Voices are silenced no more

After BSO Chorus disbanded, plan was to form new ensemble

March 14, 2003|By Tim Smith | Tim Smith,SUN MUSIC CRITIC

You just can't keep good choral singers down.

Members of the Baltimore Symphony Orchestra Chorus, controversially disbanded by BSO management last year after more than three decades of volunteer service, are raising their voices again. This weekend, several dozen of them will make their debut with a new name, new direction and new goals.

The inaugural program by the Baltimore Masterworks Chorale is called Love and Loss, which seems loaded with implications. "I was just looking for a title that united all the pieces we're going to sing," says Jane Benson, president of the chorale. "But, in a way, it does speak to what we've been through - all the grief and anger we experienced last year, and the love we have for what we do."

When the nearly 150 singers in the BSO Chorus got the news that the ensemble would not exist beyond the 2001-2002 season, many wanted to stay together somehow. All those Tuesday night rehearsals, all those musical challenges and rewards, all the camaraderie - hard things to give up. It didn't help matters that the official reasons for the dissolution (not "world class," too costly, etc.) proved less than persuasive, not just to the choristers, but many others as well. More than 7,000 signatures were collected from the community protesting the BSO action.

The chorus finished out its final season with dignity - a solid, exciting Carmina Burana from the whole group last April, a lovely contribution to Mahler's Third Symphony by the women in June. Then, in September, the urge to resume singing brought many of the old gang back, determined to find another creative outlet. The result is the Masterworks Chorale.

"We started talking about forming a new chorus almost immediately after we got fired," Benson says. "We inherited money from the old symphony chorus. Groups had performed for years out in the community - separate from the BSO work - and put all the fees earned into a bank account under our own name, along with some other donations. The orchestra did not ask for it back. We have already pretty much used it up, though, just putting together the first concerts and two more we're doing in June. We decided to give these concerts everything we've got to make a splash. If that breaks the bank, so be it. We'll have to beat the bushes to keep things going."

For the first couple of months, the Masterworks Chorale's accompanist, Clinton Adams, led the rehearsals. "He's the one major thing that held us together through the autumn," Benson says. "Without the help he gave us then, we could not be putting on a concert now. His loyalty to us has been immense, and we owe him a debt of gratitude."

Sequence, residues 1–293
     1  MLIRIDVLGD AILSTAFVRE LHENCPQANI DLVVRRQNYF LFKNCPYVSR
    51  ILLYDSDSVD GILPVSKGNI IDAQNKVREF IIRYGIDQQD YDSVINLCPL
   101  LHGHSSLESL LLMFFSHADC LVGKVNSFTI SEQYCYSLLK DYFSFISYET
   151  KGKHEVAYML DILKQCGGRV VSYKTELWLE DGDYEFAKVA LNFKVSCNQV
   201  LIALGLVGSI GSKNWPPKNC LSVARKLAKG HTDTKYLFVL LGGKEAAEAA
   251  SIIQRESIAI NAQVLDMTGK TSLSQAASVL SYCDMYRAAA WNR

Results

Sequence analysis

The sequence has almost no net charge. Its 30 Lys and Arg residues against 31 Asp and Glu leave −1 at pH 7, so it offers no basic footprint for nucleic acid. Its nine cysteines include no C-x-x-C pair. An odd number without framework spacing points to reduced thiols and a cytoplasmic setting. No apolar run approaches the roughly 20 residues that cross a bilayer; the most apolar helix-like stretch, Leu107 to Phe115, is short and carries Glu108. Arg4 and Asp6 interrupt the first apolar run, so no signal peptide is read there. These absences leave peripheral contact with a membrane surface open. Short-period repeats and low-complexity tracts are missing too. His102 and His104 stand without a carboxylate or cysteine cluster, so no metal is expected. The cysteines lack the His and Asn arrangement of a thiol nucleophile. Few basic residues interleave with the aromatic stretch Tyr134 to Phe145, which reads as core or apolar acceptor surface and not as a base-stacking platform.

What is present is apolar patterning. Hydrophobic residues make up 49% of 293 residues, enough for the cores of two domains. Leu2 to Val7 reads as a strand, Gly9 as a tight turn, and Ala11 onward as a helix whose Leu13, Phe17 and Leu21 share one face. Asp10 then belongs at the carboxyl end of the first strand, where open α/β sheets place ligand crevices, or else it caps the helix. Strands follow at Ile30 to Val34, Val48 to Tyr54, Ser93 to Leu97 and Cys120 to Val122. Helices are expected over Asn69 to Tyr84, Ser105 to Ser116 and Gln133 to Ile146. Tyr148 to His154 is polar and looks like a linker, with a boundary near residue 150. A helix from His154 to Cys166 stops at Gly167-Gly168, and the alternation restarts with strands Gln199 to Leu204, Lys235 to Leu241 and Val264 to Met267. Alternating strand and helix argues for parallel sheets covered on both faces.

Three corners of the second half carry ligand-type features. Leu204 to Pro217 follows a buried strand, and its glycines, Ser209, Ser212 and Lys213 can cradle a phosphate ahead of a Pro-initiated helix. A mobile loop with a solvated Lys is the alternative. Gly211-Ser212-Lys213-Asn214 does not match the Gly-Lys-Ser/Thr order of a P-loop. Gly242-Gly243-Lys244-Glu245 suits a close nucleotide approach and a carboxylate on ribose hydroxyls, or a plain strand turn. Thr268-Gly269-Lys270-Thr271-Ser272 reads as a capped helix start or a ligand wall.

New York-based Frank Nemhauser, who was making considerable artistic strides as BSO Chorus director when the plug was pulled, had input into the new ensemble's initial programming and may conduct one of its concerts next year. To take the artistic helm on a regular basis, the chorale chose Mark Hardy, director of vocal music at the Baltimore School of the Arts, director of the Johns Hopkins Choral Society and chorus master of the Annapolis Opera.

"Like everyone else, I was surprised by the abrupt parting of the ways between the symphony and the chorus," says Hardy, who started in December. "I was really happy to hear that the group had been talking about staying together. Everyone has been very enthusiastic. They're very game about taking on not just the music, but the organizational part. And there's a general sense of gratitude."

University Baptist Church provides free space for rehearsals on the traditional Tuesday night ("which is now branded into everyone's DNA," Benson says). So far, between 30 and 75 singers have been involved with the chorale, Hardy says. About 45 signed on for this weekend's performances. "To be fair, a lot of people joined the Baltimore Symphony Orchestra Chorus because they wanted to sing with an orchestra," Benson says. "Others wanted to stay together just until the BSO came to its senses and invited us back. So we are not expecting all the former members to join us."

(The chorale isn't the only option former BSO chorus members have to keep their voices in the ring. Eighty of them will sing in the Concert Artists of Baltimore's presentation of Brahms' Requiem March 28 at Meyerhoff Hall. A Baltimore Opera Company fund-raising concert being planned will provide another outlet for displaced BSO choristers.)

A chamber orchestra will be used for some of the chorale's first program, which includes Faure's Requiem and pieces by Brahms. But accompanying forces are likely to be on the intimate side, like the chorus itself, at least for now. "Because of size and, to a certain extent, budget concerns, we'll focus on two or three shorter works per concert," Hardy says, "instead of single, large works like Handel's Messiah. I am also a composer, so I have a vested interest in promoting newer music."

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